Now I realize that if I can't do something now (a long hike, take up bicycling again, going cross-country skiing) I'm not going to be doing it ever again. So I am learning to live in the present, and keep doing the things I enjoy as long as I can, knowing that I will not 'get better.'
 

Luce NDs

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If heaven is a state of mind ... is the ABBA't in heaven ... enough to get one moving and enjoy the Moor Tal Gift?

In situations of gravitas ... should one return from it with a learning experience ARC Anis? The ruling concern is beyond us ... thus the ability to play with the word ... that's god ... all in the scripting! Often subtle and partisan compared to the pious ...

Communicative dis ease ... when you sense that something isn't rite but only Toby experience ... thus pas Zion thoughts!

Gotta love the deeps ...
 

Northwind

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I understand that........
I have a tendency to be overwhelmed by my feelings, so writing really helps me create a little distance, and thus give me a chance to see things more objectively. (It's a bit like being on the ceiling and looking down at me and my life, if that makes sense?)
That totally makes sense. In fact, since therapies recommend writing as a way to put distance between ourselves and the problem.

I find I can often express myself better in writing, especially for difficult things. I'm an introvert who needs to percolate when faced with new ideas. Writing helps organize my sometimes rambling thoughts. You would think I'd be a regular journal writer. I'm not. That takes too much discipline apparently. I have found it helpful for talking with the doctors. If I've written things out somewhere, I do better verbally.
 

Northwind

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I understand @Seeler I may get better in some ways. I have more energy. I get get more tired than the activity warrants. Still, I will live knowing that can change and that cancer is always lurking. I will need to adapt to regular doctor's appointments, medications, scans and whatever. The expensivemedication I'll be getting will mean that we can go no more than two months between refills. It looks like next summer will be a two trip at the most. We will adapt even though it wasn't what we'd planned. I guess life is about adapting. There also comes a time when our mortality smacks us in the face. That is also an adjustment.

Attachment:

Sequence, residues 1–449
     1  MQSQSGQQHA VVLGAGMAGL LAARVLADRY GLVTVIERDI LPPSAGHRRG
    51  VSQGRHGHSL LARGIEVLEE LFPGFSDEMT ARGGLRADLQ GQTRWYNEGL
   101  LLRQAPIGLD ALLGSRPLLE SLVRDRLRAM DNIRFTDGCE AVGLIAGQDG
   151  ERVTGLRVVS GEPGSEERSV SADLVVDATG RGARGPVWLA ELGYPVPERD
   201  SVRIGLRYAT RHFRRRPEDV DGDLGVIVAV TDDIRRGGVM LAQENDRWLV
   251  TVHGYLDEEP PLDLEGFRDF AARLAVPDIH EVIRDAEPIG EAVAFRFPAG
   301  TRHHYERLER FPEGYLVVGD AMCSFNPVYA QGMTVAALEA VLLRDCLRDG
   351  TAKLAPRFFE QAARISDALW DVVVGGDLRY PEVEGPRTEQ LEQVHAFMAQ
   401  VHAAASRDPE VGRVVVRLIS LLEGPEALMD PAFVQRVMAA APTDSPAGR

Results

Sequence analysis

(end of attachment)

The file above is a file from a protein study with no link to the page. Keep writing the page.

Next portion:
PilgrimsProgress

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I guess life is about adapting
The ability to adapt is perhaps life's greatest skill. (Says the woman who ran home at recess on her first day at school!)

Usually I express all my fears and get very upset and then I seem to be in a better position to accept necessary change. I've learnt that if I try and be mature about things and accepting without going through the overwhelmed with fear and angst stage it just takes longer.
 

KayTheCurler

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I do realize that Kimmio and I know most people in my life express it that way. I have been living my life as if this is a phase. It's not like getting a course of antibiotics to kill the bacteria though. I think that's hitting me more now. I'll be living with this in some way for the rest of my life. That's an adjustment.
Indeed this isn't just a wee bump in your trip through life. I see you as a person who has adjusted to new situations many times before. I am confident that you will deal with this to the best of abilities (and you are allowed to 'not be dealing with it well' for periods of time if that is how it plays out). It sounds like you have people who will 'be there for you' to the best of their abilities too. GO Northwind.
 

Northwind

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Thanks @KayTheCurler. Yes, I've had a few meltdowns since my diagnosis. I'm sure I'll have more. We went to church for the first time in awhile last week. I couldn't sing "Draw The Circle Wide" because I became emotional. The congregation holds hands during the last hymn. That didn't help. I just listened to the singing and held the hands around me while I composed myself.

We will be returning to our winter park this week. We made some excellent friends there who are good supports. I suspect someone will bring a casserole or something. We're so glad we retired when we did. That makes this our biggest stressor.

I have gotten through rough things in the past, and am now more resilient. Having the post-retirement rest helped with that. I'll manage here even if it's tough.